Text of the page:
Tony Perkins Sings You Keep Coming Back Like a Song

 

The song first appeared in the film Blue Skies in 1946, performed by Bing Crosby and Betty Russell. The song was a big hit and since that time, has been recorded by a number of famous songsters, including Perkins…

Recording History

  1. Bing Crosby & Betty Russell (Blue Skies Film Soundtrack), 1946
  2. Dinah Shore, 1946
  3. Jo Stafford, 1946
  4. Bing Crosby, Solo, 1946
  5. Paul Whiteman & His Orchestra (with Johnny Thompson) , 1946
  6. Chuck Foster & His Orchestra  (with Tommy Ryan) , 1946
  7. Ted Heath & His Music (vocal: Paul Carpenter) , 1946
  8. Dennis Day, 1946
  9. Leslie “Hutch” Hutchinson, 1946
  10. Georgia Gibbs, 1946
  11. Frank Sinatra (Radio Transcript), 1946
  12. Gordon MacRae, 1952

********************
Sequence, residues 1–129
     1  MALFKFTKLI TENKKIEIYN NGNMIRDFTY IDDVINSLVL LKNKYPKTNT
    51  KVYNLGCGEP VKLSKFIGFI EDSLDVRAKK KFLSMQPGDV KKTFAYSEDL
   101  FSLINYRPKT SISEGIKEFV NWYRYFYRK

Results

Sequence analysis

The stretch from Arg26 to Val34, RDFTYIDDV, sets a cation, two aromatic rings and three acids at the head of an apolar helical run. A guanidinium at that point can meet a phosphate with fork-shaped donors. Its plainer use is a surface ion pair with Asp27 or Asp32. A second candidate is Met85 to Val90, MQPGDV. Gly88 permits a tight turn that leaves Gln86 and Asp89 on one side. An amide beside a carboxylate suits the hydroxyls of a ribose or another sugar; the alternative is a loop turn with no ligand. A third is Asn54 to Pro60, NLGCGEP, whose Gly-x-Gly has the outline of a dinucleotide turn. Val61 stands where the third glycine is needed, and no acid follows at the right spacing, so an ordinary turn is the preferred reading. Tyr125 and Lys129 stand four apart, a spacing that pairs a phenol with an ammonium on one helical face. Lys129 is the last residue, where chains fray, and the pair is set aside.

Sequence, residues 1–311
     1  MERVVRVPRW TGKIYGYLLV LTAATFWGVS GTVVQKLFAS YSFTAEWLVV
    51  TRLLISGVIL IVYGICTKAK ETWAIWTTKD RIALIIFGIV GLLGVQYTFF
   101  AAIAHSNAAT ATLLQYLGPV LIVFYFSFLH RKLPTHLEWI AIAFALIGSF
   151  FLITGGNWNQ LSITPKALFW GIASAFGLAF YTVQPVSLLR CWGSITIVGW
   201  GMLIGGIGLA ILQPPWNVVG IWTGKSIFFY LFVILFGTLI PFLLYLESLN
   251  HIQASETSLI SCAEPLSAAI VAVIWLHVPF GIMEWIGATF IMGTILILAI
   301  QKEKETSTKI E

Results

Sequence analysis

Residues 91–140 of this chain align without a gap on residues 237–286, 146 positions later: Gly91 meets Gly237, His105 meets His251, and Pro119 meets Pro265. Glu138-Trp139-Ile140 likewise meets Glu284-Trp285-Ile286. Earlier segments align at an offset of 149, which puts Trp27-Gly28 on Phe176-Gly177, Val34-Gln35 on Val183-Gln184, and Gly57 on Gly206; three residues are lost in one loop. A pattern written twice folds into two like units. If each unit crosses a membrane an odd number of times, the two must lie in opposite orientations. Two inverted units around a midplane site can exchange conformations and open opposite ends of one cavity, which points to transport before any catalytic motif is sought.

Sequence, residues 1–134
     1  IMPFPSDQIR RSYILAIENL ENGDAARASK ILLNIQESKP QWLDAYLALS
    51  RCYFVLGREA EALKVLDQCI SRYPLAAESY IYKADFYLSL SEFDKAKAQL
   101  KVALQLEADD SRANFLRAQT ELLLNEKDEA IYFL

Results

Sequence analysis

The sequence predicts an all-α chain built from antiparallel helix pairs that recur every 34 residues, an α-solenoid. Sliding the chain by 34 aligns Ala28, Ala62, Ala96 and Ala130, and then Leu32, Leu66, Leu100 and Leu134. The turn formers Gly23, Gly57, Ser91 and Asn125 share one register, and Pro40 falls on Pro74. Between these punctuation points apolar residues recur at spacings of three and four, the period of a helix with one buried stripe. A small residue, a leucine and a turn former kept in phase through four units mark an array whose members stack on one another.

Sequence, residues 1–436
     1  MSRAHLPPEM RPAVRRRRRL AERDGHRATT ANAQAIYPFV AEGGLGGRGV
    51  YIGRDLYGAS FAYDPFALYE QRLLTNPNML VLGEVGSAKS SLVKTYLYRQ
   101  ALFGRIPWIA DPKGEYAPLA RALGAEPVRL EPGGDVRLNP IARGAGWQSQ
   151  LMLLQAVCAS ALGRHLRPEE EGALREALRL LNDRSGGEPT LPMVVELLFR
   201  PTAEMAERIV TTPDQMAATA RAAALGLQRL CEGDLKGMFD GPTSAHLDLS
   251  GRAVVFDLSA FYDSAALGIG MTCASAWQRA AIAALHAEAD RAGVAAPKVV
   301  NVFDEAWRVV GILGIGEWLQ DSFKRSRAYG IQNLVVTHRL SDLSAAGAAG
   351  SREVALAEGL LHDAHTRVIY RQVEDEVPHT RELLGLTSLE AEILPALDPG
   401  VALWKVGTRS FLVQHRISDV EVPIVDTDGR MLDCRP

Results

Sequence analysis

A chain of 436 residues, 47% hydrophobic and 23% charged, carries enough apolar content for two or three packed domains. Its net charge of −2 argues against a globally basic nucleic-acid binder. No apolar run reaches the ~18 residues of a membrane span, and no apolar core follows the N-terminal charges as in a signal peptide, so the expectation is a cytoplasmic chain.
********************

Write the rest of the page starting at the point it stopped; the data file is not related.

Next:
13. Ella Fitzgerald, 1958
  14. Anthony (Tony) Perkins,1958
  15. Guy Lombardo & His Royal Canadians – 1958
  16. Margie Gibson, 1993
  17. Andrea Marcovicci, 1994
  18. Elisabeth Welch, 1995
  19. Phillip Officer, 2000
  20. Jane Scheckter, 2003
  21. Maude Maggart, 2005
  22. Also Recorded by: Dick James with Bob Farnon’s Orch.; Mantovani & His Orch.; Charlie Kunz; Jackie Davis; John Arpin; Marlene Ver Planck; Geraldo & His Orch.; Frank Strazzeri ……… and others.

Tony Perkins’ Sons Make a Masterpiece: I Am the Pretty Thing That Lives in the House, 2016

Note of Trivia: The 1958 Perkins version of the song was recently featured in a horror film, I am the Pretty Thing That Lives in the House (film poster, inset), written and directed by Tony’s son Osgood (Oz) Perkins; the music for the film was composed by Tony’s son, Elvis Perkins. The film, a unique ghost story, is a ghost masterpiece of subtlety, beauty, and creeping dread—unlike anything I have ever seen before—and I highly recommend it (5 out of 5 stars).